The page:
Featured Image Credit: Katelyn leading a tour with AFAN in 2017
I have spent the last year and a half working at the Kennedy Museum of Art, which means I had somehow managed to secure a position that introduced me not only to an amazingly beautiful building with a rich history, but a crew of supportive, informative individuals as well.
My sophomore year of college, I walked halfway across campus wearing a pair of old converse, sweaty from the climb up the hill, and took a seat in a very professional-looking office, in front of some very professional-looking people, and I thought to myself “Can I do this?”. All of my previous work history included fast food chains and an Amish bakery. How on earth did I expect them to take a chance on me?
But that’s exactly what they did. The kind staff at the Kennedy recognized my drive not as a passing hobby, but as a lifelong passion. My official title would be Outreach Program Assistant, a title I grew to love and would eventually have a little trouble letting go of. I was immediately thrown into the riptide, being handed projects and to-do lists, and I absolutely loved it. I was hungry to prove myself, hungry for my work to finally mean something.
My very first project was an informational Art Encounter poster, which featured steps on how to dye a cloth bag with indigo. It was my job to scour the internet for credible sources and images, and piece them together with instructions written by a grad student working with us, and to make it all a cohesive set of posters. When they were finally printed, I couldn’t believe the amount of pride I had. I was overflowing. I was bursting.
I would go on to design many more posters for Art Encounters, Gallery Talks, events, and tours. That first year, especially in the fall, Sally Delgado and Lisa Quinn worked to help me get my sea legs in the art museum world. They were always flexible with my busy schedule, and always kept me included. By the time spring semester had rolled around, I felt so comfortable walking into the Kennedy that it felt like a second home. I’d grown to love the antique tiles on the floors, and the winding staircases.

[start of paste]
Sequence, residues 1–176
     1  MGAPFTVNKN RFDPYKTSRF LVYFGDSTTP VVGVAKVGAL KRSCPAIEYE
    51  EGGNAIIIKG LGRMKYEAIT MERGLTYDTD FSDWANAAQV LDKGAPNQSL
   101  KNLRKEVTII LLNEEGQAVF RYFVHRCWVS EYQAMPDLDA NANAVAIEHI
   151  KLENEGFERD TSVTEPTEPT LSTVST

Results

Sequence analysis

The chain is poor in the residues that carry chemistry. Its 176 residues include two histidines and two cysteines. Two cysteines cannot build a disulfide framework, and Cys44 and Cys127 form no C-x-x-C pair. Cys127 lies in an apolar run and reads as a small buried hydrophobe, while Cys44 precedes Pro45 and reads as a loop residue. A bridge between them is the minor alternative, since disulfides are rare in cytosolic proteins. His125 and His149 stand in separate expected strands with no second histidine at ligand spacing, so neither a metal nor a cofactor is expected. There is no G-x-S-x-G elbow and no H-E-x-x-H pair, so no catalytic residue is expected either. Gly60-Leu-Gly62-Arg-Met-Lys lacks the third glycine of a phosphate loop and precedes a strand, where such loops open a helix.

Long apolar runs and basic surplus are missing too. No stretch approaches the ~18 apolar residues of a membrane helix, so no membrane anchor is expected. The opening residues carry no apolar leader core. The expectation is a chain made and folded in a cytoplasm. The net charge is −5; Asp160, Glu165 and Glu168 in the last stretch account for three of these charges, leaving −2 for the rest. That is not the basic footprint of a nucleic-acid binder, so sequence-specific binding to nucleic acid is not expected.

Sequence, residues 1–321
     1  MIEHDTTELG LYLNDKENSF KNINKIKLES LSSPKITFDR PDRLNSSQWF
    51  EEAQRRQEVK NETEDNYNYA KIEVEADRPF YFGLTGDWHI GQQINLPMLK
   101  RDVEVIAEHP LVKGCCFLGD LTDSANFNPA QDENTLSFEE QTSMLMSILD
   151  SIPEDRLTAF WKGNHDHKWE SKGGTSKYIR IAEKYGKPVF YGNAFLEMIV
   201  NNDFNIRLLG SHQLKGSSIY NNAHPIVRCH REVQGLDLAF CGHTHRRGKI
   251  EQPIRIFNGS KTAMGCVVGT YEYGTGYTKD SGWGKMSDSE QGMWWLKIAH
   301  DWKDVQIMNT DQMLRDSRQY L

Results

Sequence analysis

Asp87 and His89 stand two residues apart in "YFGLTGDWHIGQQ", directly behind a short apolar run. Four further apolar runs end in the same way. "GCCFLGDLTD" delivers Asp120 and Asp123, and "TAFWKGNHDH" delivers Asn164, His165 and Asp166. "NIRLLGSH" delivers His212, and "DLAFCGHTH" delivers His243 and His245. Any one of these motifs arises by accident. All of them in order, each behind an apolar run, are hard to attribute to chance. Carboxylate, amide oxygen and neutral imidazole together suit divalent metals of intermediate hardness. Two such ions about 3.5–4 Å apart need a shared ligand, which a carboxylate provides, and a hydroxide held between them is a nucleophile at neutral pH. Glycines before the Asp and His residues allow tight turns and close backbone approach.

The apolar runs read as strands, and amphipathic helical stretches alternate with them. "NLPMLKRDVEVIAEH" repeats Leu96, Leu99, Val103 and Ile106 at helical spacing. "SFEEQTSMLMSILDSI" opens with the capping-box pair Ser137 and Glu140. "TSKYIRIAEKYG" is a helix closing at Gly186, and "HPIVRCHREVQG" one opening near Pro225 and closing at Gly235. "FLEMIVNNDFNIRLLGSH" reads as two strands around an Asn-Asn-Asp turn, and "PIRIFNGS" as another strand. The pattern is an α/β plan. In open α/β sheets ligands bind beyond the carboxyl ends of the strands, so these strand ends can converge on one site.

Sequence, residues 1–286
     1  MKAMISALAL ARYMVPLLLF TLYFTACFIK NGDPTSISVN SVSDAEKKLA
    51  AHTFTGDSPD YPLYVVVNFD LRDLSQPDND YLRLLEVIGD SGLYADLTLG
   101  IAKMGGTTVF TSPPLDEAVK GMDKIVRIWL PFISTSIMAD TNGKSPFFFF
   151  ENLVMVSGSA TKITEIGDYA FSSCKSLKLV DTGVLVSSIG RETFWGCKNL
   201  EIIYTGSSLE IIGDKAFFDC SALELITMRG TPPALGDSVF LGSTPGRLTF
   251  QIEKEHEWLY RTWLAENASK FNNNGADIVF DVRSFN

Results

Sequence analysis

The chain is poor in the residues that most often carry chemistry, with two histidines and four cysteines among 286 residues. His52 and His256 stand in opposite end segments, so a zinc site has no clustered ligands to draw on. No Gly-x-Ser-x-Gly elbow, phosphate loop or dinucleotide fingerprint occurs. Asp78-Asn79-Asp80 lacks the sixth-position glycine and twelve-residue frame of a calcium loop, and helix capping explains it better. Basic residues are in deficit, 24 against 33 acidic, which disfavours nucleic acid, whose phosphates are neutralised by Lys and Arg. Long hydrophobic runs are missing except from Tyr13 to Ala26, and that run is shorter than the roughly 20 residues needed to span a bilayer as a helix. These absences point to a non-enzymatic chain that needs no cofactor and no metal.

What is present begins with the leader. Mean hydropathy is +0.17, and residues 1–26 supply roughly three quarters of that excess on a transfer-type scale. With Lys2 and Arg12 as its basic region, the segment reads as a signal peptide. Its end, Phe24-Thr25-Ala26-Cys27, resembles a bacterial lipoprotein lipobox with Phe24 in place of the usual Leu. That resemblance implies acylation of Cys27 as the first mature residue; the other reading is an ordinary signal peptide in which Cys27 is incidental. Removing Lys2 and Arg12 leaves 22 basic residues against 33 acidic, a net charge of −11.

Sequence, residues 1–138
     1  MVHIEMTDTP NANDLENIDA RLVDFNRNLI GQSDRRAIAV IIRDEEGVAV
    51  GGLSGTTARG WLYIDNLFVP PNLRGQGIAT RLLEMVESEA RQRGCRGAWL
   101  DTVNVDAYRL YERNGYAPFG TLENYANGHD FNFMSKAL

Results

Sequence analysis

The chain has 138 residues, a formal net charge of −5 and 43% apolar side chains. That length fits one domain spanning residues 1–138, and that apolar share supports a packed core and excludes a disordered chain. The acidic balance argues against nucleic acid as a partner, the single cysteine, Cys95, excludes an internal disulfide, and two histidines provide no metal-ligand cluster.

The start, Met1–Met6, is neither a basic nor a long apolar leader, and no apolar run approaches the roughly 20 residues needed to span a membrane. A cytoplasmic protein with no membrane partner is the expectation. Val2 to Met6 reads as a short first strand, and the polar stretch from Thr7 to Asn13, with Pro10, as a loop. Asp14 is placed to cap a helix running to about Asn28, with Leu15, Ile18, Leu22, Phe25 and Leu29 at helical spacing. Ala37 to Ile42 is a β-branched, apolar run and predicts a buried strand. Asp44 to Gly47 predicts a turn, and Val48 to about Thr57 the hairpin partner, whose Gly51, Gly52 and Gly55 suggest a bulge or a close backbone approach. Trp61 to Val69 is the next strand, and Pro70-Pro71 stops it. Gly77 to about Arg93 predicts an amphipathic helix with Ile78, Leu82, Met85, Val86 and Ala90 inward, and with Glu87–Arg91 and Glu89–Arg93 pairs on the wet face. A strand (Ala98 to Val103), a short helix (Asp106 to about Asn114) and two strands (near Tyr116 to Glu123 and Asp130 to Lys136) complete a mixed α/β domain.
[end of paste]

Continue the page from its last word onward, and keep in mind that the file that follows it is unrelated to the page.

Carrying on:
Along with designing posters, I was also able to lead Art Encounter activities, guide tour groups, and even collaborated with other students to curate the final exhibit for the 2017-2018 school year. I had grown to love the building, yes, but I’d also grown to love the people I was working with. We had common ground to stand upon, and to this day I am still friends with those other students.
As time passed, I knew my days at the Kennedy were coming to a close. It seemed a little far-fetched, but I applied for another position in the education department. To my delight, I was hired back for a second year with a different position and title, this time as the Education Program Assistant. My tasks would be very similar, if not identical, to my tasks the previous year.
My second year at the Kennedy was simultaneously the same and different. My second year in the program felt more organized with more communication and less room for misunderstandings. This isn’t to say supervisors looked over our work constantly, waiting for us to make a mistake. There was a good amount of trust built between the student staff and the permanent faculty.
Unfortunately, I could not fulfill an entire second year with the museum as I was offered an internship at Walt Disney World in Florida for the 2019 Spring semester. I grew a lot as I worked at the Kennedy Museum of Art, not just in the artistic sense, but the professional sense as well. There are a lot of good memories I’ll hold dear to my heart as I move forward, such as the many tours I gave on the history of the buildings we now call The Ridges, or helping children assemble boxes to look like small houses. I’ll always remember my first Gallery Talk and my first exhibition opening. And I’ll always remember the kindness Sally and Lisa showed me, guiding me through my first steps in my own career path. With this job, I grew more confident in my decisions, and I’ve applied that confidence both in and out of the classroom.
For anyone considering visiting this museum, please do. It is rich in both its history and its exhibitions. It is a museum that cares for its visitors, employees, and artwork. It is a museum that tells the unsure college student “Yes, you can do this”. It is a museum for families and for individuals, for amateur artists and for professionals, for the young and the old, for locals and for newcomers. It is a museum for all, and I will always be grateful to that little brick building on the top of the hill.
by Katelyn Vesco